By Anh Tran, Modern Wealth Advisors, Inc.
What does your budget look like?
While the government can’t seem to get a handle on the nation’s budget, heading toward a potential next round of belt tightening on the debt ceiling, the good news is you make the rules when it comes to your personal finances — so craft them to help you succeed.
First, don’t think of a budget like a straitjacket, tying you to a restrictive set of numbers for the year. Instead, think of it as giving you permission to spend on what’s most important to you. Here are five ways to build a better budget in 2014 to do a better job than the government has with the national budget:
Set small goals to achieve a bigger one. This tip may be simple and straightforward, but not enough of us actually take the time to prepare a budget for the year. It’s easy to have a theoretical concept of your budget in mind, but finding the motivation to put it into practice is critical. Discipline when it comes to your budget is easier to embrace when it involves a reward. Other than keeping your expenses in check, factor in a nice reward for yourself and your family, like a tropical vacation, a down payment on a new house, or reassurance that you will no longer be living paycheck to paycheck. The trick is to budget for the big purchase with smaller goals set along the way. Also, share your goals with someone; it will hold you accountable to meeting each and every goal.
Be accountable to all your expenses. So you know what you spend on a mortgage payment, your car loan and utility bills every month, but do you have a clue what you pay each month on clothing, groceries, or eating out? What about seasonal expenses like holidays and back-to-school shopping or other special events? See the big budget picture by reviewing all of your expenses during the year. Start with a month at a glance by reviewing your bank account and credit card transactions to tally all spending during that month. This will give you, on average, an idea of what money is coming in and going out, in addition to required expenses. A budgeting website like Mint.com can tally all the big expenses that don’t occur every month and help you estimate annual costs. Don’t forget to factor in wiggle room (see the next tip) and unexpected expenses, such as emergency medical expenses or the auto mechanic.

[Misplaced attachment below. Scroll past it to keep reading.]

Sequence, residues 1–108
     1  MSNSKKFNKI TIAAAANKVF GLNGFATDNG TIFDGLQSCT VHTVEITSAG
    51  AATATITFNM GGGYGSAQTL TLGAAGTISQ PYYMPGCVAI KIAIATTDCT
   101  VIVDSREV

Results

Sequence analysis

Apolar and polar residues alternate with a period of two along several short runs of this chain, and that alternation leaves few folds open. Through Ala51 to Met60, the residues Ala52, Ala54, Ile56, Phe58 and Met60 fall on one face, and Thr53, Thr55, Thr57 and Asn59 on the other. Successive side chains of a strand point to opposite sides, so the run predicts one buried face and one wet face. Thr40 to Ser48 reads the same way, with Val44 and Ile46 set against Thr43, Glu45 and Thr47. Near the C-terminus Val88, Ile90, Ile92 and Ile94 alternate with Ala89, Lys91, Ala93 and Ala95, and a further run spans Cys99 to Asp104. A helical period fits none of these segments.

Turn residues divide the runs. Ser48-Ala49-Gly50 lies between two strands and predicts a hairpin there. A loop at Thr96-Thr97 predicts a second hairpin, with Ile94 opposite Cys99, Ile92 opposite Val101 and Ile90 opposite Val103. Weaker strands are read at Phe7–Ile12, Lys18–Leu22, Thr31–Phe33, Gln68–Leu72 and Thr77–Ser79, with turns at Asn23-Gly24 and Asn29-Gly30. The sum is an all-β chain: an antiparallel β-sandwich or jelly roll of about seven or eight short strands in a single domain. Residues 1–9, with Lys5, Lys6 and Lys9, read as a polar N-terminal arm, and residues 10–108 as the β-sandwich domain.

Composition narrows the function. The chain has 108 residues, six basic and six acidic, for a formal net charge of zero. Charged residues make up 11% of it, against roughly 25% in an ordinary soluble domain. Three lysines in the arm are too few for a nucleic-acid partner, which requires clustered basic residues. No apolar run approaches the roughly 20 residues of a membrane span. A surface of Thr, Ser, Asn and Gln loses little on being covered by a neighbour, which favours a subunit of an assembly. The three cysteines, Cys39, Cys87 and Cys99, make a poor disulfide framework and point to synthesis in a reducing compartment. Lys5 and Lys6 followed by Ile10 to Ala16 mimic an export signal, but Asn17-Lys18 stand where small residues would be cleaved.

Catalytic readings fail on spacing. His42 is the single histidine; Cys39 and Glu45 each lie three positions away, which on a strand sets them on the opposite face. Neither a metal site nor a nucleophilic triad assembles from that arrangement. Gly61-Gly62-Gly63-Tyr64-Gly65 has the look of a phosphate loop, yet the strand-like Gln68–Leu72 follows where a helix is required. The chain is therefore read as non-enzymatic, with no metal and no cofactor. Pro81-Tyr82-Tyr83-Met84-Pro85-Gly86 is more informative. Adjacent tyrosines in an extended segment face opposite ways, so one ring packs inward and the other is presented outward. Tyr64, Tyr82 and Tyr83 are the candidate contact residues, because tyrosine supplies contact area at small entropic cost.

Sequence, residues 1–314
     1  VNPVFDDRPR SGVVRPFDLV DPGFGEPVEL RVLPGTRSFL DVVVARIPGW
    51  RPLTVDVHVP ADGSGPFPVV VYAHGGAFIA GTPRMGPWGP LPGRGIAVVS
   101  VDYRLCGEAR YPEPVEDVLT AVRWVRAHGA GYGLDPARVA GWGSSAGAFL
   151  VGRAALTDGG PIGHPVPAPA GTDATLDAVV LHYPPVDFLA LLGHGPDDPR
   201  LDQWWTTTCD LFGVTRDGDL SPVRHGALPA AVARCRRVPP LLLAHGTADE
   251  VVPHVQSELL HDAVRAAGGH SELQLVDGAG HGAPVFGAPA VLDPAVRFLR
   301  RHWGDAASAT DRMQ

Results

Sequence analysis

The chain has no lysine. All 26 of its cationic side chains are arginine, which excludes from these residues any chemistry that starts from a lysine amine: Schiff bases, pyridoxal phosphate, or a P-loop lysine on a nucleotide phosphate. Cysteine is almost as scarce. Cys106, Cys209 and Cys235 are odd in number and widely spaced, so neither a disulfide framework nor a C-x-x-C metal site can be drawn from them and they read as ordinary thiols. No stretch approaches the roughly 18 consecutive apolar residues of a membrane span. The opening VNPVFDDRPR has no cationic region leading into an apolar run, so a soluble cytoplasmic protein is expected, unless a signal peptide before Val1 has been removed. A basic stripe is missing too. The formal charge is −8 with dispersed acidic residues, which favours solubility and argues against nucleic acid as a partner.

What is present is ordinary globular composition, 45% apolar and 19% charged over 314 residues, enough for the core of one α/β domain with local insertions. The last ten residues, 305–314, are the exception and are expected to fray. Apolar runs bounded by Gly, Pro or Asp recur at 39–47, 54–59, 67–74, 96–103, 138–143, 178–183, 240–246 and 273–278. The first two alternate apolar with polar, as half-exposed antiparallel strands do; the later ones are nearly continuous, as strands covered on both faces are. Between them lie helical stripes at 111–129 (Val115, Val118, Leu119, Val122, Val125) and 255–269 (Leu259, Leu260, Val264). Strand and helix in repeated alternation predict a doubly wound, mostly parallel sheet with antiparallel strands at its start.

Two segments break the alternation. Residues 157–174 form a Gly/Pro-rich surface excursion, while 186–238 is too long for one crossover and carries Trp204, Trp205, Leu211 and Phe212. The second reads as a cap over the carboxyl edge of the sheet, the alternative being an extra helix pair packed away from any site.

Modern Wealth Advisors, Inc. is a full service wealth management firm located in Irvine, California. With more than 20 years of collective advisory experience, our mission is to help our clients manage life’s milestones. No matter what stage you are in life, our goal is to help you accumulate wealth, protect wealth, and build a legacy so you and your family can pursue your dreams. We strive to achieve this through a combination of comprehensive financial planning, innovative solutions, and cutting-edge technology which are tailored to your individual needs and goals. For more information, please contact us at (949)464-8299 or [email protected]. Please visit us at www.modernwealth.com.
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Leave room in the numbers. If you notice you are overspending your budget each month, you may not have set enough of a buffer in each spending category to prevent any unexpected larger expenses. Don’t let a highly restrictive budget throw off your budgetary goals. Instead, add in some wiggle room in the numbers to provide a pad for those times when more money is going out than in. When you end up spending less than the over-budgeted amount, you can move that to savings or a small personal splurge. Don’t feel like you are locked into your set budget, especially if you end up with a money windfall from, say, a raise at work. Life changes and budgets change, too, just know your budget is flexible.
Keep your commitment. A critical part of budget is to actually check in on your budget and your progress. Schedule a time each month to review your budget. If you wait too long and fall behind, catching up may seem like an ominous task. Like reaching any goal, budgeting, if you are new to it, is a challenge that requires trade-offs. If you find yourself eating out too much, consider trying a new cookbook and making your own restaurant-style meals at home. Bring leftovers from your home-cooked gourmet meals to work instead of buying lunch each week. Take this to the bank: If you spend around $8 on a meal each workday, you could save up to $2,000 a year (assuming you work 50 weeks a year). Making budget-friendly choices may be a pain to start, but will quickly become habit after a while — making you and your wallet happier in the long run.
Benefit from time on your side. Time is your most important ally in achieving financial goals. As you now know, planning takes time to design and maintain an achievable budget. Time is also on your side when it comes to investing well-saved dollars stashed away with a successful budget. Putting your money into interest-earning savings accounts or invested in equities and bonds only grows and compounds over time. The more time you have to enjoy the rewards of compounding interest rates, the higher chance you have of funding that hard-earned vacation or retirement nest egg. Age is also a big factor — and younger people, who have more time to build their nest egg, can invest a bit more aggressively over time than older adults. No matter your age, a financial advisor can help provide a personalized investment strategy to help you plan for big future expenses.
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What does your budget look like?